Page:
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March 20, 2017

Book Review - 'The One Plus One' By Jojo Moyes


Jess has it tough—two jobs, an estranged husband who doesn’t contribute any child support, a stepson who gets bullied, a gifted daughter who due to financial difficulties cannot get a top education, and a guard dog that sleeps more than guards.
Ed is a successful man living in the city, recently divorced but the owner of two homes and two cars and eats out every night. After a bad business decision Ed is investigated for insider trading. To hang low while his case is sorted he retreats to his seaside home where he meets Jess – his cleaner.


 
From here Jess and Ed’s lives are thrown together out of necessity—necessary because Jess needs to get her daughter to a maths Olympiad in order to win the prize money to get her through private school, and necessary because Ed has realised how bad loneliness is, and is also in need to redeem himself from his own conscious. 
The book starts out as a dysfunctional family drama and slowly ebbs into romance a little bit before the half way point. It’s not soppy romance either, but the kind that seems natural and not forced.
Available in print or audiobook and eAudio

March 13, 2017

Book Review - 'Walks, Tracks and Trails of New South Wales' By Derrick Stone

This book provides a thorough listing of 140 of the best walks, tracks and trails in New South Wales, located in national parks, coastal parks, state forests, historic parks, conservation lands, and local government areas.


You don’t need to be an experienced hiker, the walks listed in this book are ideal for the moderately fit individual. 

Available in print or eBook

 

March 06, 2017

Movie Club - Happy-Go-Lucky


This month the Movie Club will be screening 'Happy-Go-Lucky'. Written and directed by Mike Leigh, ‘Happy-Go-Lucky’ is a character-driven film that follows the protagonist, Poppy, as she experiences some ups and downs in her life. Poppy is a 30-something school teacher living in London. She is optimistic, chirpy and happy all of the time, it is not a superficial act, it is just who Poppy is. Poppy lives with her friend and co-worker, Zoe, who acts as a kind of moral compass in a film that combines extreme optimism with extreme pessimism (in the form of Scott). Scott is a narcissistic driving instructor whom Poppy seeks out for driving lessons.
The film relies on a series of events that slowly reveal the characters of Poppy and Scott. There is no major dramatic plot or action sequence, rather we meander through the everyday life of Poppy: as she goes to work and deals with a problematic student, as she converses with a homeless man, as she takes salsa classes, as she visits her younger sister Helen, as she takes driving lessons with Scott. It is through these sequential shots of Poppy’s life that we build-up a knowledge base that reveals layers of Poppy’s character. Dramatic tension is maintained throughout by the relationship between Poppy and Scott.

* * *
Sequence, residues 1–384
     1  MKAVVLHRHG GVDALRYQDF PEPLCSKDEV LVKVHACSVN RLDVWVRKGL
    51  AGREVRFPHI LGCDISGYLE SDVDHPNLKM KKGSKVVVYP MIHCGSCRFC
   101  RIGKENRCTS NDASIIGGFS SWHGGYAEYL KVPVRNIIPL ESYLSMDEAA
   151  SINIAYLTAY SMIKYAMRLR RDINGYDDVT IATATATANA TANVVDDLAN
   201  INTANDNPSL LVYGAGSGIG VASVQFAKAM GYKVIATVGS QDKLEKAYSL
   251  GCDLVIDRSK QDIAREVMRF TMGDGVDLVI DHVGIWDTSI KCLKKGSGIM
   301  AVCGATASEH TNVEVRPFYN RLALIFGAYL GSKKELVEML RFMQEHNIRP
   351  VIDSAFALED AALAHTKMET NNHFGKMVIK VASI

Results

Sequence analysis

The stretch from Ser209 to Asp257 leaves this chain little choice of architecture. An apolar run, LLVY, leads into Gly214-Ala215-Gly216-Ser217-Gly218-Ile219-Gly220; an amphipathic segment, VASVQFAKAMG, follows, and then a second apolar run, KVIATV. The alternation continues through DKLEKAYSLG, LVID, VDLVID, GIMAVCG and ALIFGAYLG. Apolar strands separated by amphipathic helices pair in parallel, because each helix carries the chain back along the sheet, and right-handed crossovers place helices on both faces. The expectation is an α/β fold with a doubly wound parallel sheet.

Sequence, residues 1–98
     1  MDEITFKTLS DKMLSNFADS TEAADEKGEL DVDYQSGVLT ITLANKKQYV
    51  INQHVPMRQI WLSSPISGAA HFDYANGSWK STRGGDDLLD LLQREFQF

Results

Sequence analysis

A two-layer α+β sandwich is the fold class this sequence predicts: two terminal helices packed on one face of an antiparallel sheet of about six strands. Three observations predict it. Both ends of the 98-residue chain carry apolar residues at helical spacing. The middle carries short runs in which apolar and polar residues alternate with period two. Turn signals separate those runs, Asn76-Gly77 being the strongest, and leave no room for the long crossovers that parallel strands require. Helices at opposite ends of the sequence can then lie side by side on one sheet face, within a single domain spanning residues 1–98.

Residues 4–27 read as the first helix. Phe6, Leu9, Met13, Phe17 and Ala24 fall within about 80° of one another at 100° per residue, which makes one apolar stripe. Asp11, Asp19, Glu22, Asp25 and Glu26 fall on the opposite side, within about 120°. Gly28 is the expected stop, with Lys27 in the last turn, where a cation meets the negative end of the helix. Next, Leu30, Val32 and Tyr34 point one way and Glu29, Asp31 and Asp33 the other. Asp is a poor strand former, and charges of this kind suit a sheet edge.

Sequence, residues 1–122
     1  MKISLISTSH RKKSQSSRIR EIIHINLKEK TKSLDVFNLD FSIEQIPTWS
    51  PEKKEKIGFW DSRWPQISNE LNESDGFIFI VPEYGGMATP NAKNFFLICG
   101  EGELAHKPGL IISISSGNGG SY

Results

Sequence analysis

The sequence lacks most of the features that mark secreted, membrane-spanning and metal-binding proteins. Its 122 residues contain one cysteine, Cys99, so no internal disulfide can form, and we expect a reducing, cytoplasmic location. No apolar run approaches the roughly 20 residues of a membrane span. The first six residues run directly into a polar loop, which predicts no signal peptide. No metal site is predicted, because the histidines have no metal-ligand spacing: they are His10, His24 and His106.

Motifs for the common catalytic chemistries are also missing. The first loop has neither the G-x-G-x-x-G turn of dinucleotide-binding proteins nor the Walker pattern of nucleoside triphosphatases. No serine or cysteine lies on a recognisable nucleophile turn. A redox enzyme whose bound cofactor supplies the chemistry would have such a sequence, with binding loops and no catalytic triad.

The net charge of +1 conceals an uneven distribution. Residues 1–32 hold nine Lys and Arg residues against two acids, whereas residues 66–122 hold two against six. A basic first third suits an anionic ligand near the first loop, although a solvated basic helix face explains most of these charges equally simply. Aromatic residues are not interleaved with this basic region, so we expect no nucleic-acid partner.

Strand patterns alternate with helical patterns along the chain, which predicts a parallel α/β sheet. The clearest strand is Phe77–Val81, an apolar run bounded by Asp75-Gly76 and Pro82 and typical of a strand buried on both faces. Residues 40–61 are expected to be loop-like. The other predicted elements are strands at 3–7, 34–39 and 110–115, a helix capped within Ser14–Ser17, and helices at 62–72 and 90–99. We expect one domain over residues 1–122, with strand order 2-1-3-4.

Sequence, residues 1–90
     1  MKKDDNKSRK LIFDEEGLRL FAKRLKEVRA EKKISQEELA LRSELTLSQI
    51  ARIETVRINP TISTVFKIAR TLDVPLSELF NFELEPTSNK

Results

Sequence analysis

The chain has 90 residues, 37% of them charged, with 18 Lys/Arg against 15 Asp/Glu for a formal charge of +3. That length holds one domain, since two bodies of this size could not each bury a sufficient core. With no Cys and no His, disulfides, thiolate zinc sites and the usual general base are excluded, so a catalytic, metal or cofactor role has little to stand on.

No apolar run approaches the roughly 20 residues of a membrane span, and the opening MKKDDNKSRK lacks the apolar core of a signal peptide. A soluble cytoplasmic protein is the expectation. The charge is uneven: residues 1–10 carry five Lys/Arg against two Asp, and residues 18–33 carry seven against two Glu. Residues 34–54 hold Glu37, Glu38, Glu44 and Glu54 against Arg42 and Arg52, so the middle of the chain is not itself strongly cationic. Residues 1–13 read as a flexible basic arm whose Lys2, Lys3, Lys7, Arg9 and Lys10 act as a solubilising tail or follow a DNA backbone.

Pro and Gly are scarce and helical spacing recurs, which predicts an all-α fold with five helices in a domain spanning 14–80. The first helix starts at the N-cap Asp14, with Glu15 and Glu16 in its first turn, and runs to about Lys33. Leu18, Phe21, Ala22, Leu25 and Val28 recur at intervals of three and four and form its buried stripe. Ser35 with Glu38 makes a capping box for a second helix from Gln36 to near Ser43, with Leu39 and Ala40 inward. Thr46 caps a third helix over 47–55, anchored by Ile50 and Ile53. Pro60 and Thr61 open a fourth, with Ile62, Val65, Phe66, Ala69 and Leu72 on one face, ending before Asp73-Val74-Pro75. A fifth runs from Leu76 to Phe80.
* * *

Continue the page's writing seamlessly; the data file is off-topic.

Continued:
The film is interesting not only for its character study of Poppy, but also its depiction of gender and stereotypes. Most of the characters in the film are female, except for Scott and Tim. Tim is only a minor character, and Scott is presented as aggressive, impulsive and an unlikeable male. The lead character here is Poppy, the film is Poppy’s film, and there is no male counter-part that she ever needs to rely upon. To add to this, Poppy defies the norms of female happiness; rather than gaining a sense of meaning from a man, children or family, Poppy sources fulfilment from things such as work, flamenco dance classes, trampolining, and friends.
Nominated for an Academy Award, the film is funny and light, yet full of wise lessons and deep emotion.

'Happy-Go-Lucky' will be showing on Wednesday 8 March, 6pm at Narellan Library. Tea, coffee and biscuits provided, BYO snacks are more than welcome. Stay after the screening for a short discussion about the film.

 

February 27, 2017

Book Review - 'Turkish flavours: recipes from a seaside café' By Sevtap Yuce


Written by Turkish chef, Sevtap Yuce, who grew up in Turkey and now lives and owns a restaurant in Australia, 'Turkish Flavours: recipes from a seaside café' consists of classic Turkish dishes with an inspired modern feel.



The book is organised into chapters according to dish type, and include chapters on Mezze and salads. The recipes are easy to read and simple to follow. The book also contains beautiful images of food that will make you want to start cooking right away.

You will find traditional dishes such as koftes, menemen and dolmades as well as yummy sweets such as baklava and yoghurt and olive oil cake. This is for anyone interested in Turkish cooking, or simply tasty food.

February 20, 2017

Book Review - 'The Lake' By Banana Yoshimoto


A novel of tender love and slow, unfurling mystery, Japanese author Banana Yoshimoto folds readers into the lives of Chihiro and Nakajima.
The Lake is narrated by Chihiro, a painter who was born out of wedlock and raised by her unorthodox parents in a small country town. When her mother dies, Chihiro moves to the city. It is here that she meets Nakajima, her neighbour.  The novel courses the two as they fall in love, however Nakajima hides a secret—a secret that Chihiro needs to know if they want to continue their relationship.
 
 

Yoshimoto’s characters are vivid and nuanced, and the prose is strong in its observant nature, for instance, “Of course, it’s true that sometimes the pink at sunrise somehow seems brighter than the pink at sunset, and that when you’re feeling down the landscape seems darker too – you see things through the filter of your own sensibility. But the things themselves, out there, they don’t change.”
For a relatively short novel there is a great sense of emotional depth at play here.